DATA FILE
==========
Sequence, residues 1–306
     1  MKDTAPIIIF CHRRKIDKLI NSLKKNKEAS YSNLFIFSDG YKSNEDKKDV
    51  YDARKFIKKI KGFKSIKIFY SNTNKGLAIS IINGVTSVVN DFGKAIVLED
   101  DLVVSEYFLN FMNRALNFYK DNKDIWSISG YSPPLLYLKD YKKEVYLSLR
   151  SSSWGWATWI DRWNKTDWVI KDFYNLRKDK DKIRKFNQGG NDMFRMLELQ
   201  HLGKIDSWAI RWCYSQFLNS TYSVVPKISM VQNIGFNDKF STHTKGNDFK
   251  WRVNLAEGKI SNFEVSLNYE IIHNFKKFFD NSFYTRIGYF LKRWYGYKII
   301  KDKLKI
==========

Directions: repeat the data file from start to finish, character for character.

Sequence, residues 1–306
     1  MKDTAPIIIF CHRRKIDKLI NSLKKNKEAS YSNLFIFSDG YKSNEDKKDV
    51  YDARKFIKKI KGFKSIKIFY SNTNKGLAIS IINGVTSVVN DFGKAIVLED
   101  DLVVSEYFLN FMNRALNFYK DNKDIWSISG YSPPLLYLKD YKKEVYLSLR
   151  SSSWGWATWI DRWNKTDWVI KDFYNLRKDK DKIRKFNQGG NDMFRMLELQ
   201  HLGKIDSWAI RWCYSQFLNS TYSVVPKISM VQNIGFNDKF STHTKGNDFK
   251  WRVNLAEGKI SNFEVSLNYE IIHNFKKFFD NSFYTRIGYF LKRWYGYKII
   301  KDKLKI